Deadwood Dick's Doom; or, Calamity Jane's Last Adventure
A COMPACT WITH THE DEVIL'S OWN.
ABOUT sunset of that same day, in a lonely gulch leading off from
Death Notch, a young girl was wandering along with a basket upon her
arm, now and then plucking a wild flower, and singing the while in
spirit with the merry birds that warbled among the branches of the trees
She was at a glance an Indian, but lighter complexioned than the
average of her nation, betraying a mixture of white blood in her veins.
Attired in the picturesque garb of an Indian princess she looked
decidedly pretty, with her dusky skin, her eyes of midnight color, and
long sweeping wealth of wavy raven hair, which fell back below her
In keeping with the wild seene around her, was she, and yet happy
and free from care as the merry little chipmunk that darted across her
path and disappeared in the shrubbery.
"Pretty mountain doves a-cooing,
she sung, as she stopped to pluck a pretty blossom from its stalk.
Sturdy robins gone a-wooing-
Wonder what all birds are doing,
So happy, all, they seem."
by the way, little bird, suppose you tell us what you are doing," a
voice exclaimed, and the owner, a tall, well-dressed man of
prepossessing countenance, and the owner of a monstrous mustache,
stepped from a clump of bushes where he had hitherto been concealed.
Indian girl started violently, at sight of him, and would have run away,
but he stepped quickly forward and seized her by the arm.
"Hold on! pretty bird! Don't be scared, I will not harm you!" he
said, laughingly. "I simply want to have a talk with you."
"No! no! Siska does not know pale-face; he must let her go."
"But I can't do that just yet. Come to this log and sit down and
answer some questions which I shall ask you, and then I will let you
And still retaining a hold of her hand and arm, he forced her to
a seat upon a fallen tree, close by.
"There," he said, when they were both seated. "Now we are all
prepared for a nice little chat."
The girl did not reply.
She was evidently greatly frightened, for she was trembling like
The stranger noted the fact.
"Don't be afraid, my girl," he repeated, "I'll not hurt you. Now,
to begin with, I want you to tell me how far it is from here to a place
called Death Notch?"
"A couple of miles, or so."
"Ah! so near. Well, I'm in luck. Now, what is your name?"
"Siska, sir. Please let me go. Red Hatchet would be very angry if
he knew I spoke to a pale-face."
"Oh! he would, eh? So he's one of those rabid old bucks, who is
dead set on the white race?"
"Red Hatchet is a great warrior, and his anger is to be feared."
"Well, then, when you see him next, tell him to slice me a chunk
of it, weighing about half a pound, and send it down to Death Notch.
Now, Siska, you seem to be a pretty nice girl -- how'd you like to go
along with me to Death Notch, an' keep house fer me in a snug little ten
"No, no! Siska not like it. She must return to the wigwam of her
"Oh, don't be in a hurry. I'll give you a lot
of gold rings and other trinkets if you will go with me -- and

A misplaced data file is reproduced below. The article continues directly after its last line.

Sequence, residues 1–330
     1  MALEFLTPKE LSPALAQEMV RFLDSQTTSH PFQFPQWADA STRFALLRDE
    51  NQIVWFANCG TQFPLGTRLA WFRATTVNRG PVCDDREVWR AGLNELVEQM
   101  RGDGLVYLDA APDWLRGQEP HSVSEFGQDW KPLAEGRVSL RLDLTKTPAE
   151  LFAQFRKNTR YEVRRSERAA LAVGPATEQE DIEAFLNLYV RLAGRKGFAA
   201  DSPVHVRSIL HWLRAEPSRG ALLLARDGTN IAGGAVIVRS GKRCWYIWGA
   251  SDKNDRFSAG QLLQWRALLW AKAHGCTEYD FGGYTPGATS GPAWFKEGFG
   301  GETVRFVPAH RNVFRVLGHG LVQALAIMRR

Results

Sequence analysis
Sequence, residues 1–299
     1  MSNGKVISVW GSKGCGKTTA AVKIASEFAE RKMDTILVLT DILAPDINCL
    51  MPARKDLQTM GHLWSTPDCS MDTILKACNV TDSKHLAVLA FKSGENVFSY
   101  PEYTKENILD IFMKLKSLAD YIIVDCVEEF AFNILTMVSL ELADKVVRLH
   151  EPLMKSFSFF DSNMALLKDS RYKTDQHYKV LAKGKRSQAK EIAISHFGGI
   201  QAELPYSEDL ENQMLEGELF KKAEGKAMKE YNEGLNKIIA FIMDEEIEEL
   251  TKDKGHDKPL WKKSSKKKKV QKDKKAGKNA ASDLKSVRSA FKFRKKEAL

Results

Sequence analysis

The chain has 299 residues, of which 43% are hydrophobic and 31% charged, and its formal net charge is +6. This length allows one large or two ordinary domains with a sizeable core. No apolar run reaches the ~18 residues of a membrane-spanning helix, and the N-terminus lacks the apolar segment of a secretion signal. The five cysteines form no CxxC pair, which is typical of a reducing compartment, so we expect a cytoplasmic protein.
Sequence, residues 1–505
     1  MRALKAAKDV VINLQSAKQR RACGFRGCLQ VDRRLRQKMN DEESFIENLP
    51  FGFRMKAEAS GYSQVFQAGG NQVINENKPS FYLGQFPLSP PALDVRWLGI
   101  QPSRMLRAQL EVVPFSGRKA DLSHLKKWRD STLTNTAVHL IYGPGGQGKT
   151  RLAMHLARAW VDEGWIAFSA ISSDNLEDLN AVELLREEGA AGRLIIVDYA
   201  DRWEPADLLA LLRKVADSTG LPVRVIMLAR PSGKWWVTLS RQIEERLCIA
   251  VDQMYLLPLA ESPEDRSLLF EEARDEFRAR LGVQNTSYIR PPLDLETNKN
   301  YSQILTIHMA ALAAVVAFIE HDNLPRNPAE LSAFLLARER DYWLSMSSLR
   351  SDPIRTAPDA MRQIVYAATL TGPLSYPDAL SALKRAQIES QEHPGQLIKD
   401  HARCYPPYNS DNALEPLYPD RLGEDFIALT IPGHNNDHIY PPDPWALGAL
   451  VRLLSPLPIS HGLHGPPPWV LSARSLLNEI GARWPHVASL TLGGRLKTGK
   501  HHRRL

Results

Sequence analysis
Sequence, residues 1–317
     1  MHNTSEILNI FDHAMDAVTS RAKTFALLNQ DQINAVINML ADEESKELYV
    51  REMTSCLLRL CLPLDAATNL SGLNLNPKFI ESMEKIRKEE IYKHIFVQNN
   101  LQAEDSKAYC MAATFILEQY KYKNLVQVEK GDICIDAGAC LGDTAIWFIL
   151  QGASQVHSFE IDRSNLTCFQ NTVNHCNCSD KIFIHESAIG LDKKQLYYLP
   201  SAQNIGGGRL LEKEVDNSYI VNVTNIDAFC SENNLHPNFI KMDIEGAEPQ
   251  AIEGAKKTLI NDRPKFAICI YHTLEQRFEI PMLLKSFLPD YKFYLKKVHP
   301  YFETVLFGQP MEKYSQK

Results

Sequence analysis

plenty of money."
"No, no!" the girl repeated, impatiently.
"Siska not like pale-face -- no go with pale-face. Let the Indian
girl loose, so that she can return to her father's lodge."
"Well, then you must give me a kiss, my bird of the wilderness,
and you can go."
"No, no! Siska not kiss pale-face," she answered, struggling to
release herself. "Paleface bad man, and Red Hatchet be angry at him."
"That don't matter to me. A kiss I'm going to have before you go,
or my name's not Carrol Carner. So pucker up those pretty lips, my
beauty, and submit to the inevitable."
"No, no! Help-help!" she screamed, struggling so violently that
he found it impossible to accomplish his design.
"Curse you! you are as strong as a young bear," he gritted,
"Aha! I have you now, though, and now for my kiss!"
"Not by a jugful, stranger!" a stern voice cried, accompanied by
rapidly approaching footsteps, and the next instant Carrol Carner found
himself lying at full length upon the ground while over him stood a
handsome fellow in sportish dress -- valiant Deadwood Dick.
"Ha! ha!" he laughed, sarcastically-- "what a figure you cut now,
don't you, my presuming pilgrim? You reckoned you had this little girl
dead to rights, didn't you, you infernal skunk, because she was alone
and unprotected? But, you see, all signs fail, when the wind blows me
"The devil take you," Carrol Carner cried, arising to a sitting
posture and rubbing his cheek where the imprint of Deadwood Dick's
knuckles were yet to be seen. "Who are you, that you have this
"A cuss from Custer -- a bulldog from Bozeman -- a diabolical devil
from Deadwood," Dick replied, dryly. "I don't carry any visiting cards
as I generally have a sheriff or marshal after me who carries them and
posts 'em up in every convenient place, viz.:- 'Five Hundred Dollars
reward for the capture of the notorious outlaw, Deadwood Dick, dead or
alive.' Seen any of them gentle little reminders up in this section?"
"If I had, I should use my own judgment about imparting the
information to you," Carrol growled, arising to a standing position. "I
want to know what business you had to strike me?"
"The business of being a consolidated protective association for
the protection of widders and orphans an' weak humans generally. I found
you an unscrupulous knave, attempting to kiss this girl against, her
will, and I very naturally lost control of my pugilistic members to that
extent that you immediately let her alone and set down."
"You shall answer for the insult, sir. I am going to Death Notch.
If you take pains to come there also, I'll punish you severely."
"Karect!" Deadwood Dick assented, with a taunting bow. "You may
look for me to-night Senator. Be kind enough to pedestrianize hence most
precipitately, now, will you, as your prescence is doubtless very
disagreeable to this young lady."
"Yes, I'll go, but remember, you shall yet repent your insult to
me!" Carner replied fiercely.
"For fear I may forget the admonition, perhaps I'd best write it
down in my diary, " was the sport's parting shot, as the stranger turned
and stalked down the gulch.
When he had gone from view, Dick turned to the Indian girl, who
stood a few paces away, regarding him with surprise in her big black
"There, miss, I've banished the snake, and you need have no fear
of his harming you," he said gallantly. "Luck always lets me happen
along to lay out such reptiles as he."
"Pale-face brave very good, and Siska is grateful to him for
driving off the bad pale-face," the girl replied, her eyes lighting up,
wonderfully. "Red Hatchet be very glad, when Siska tells him."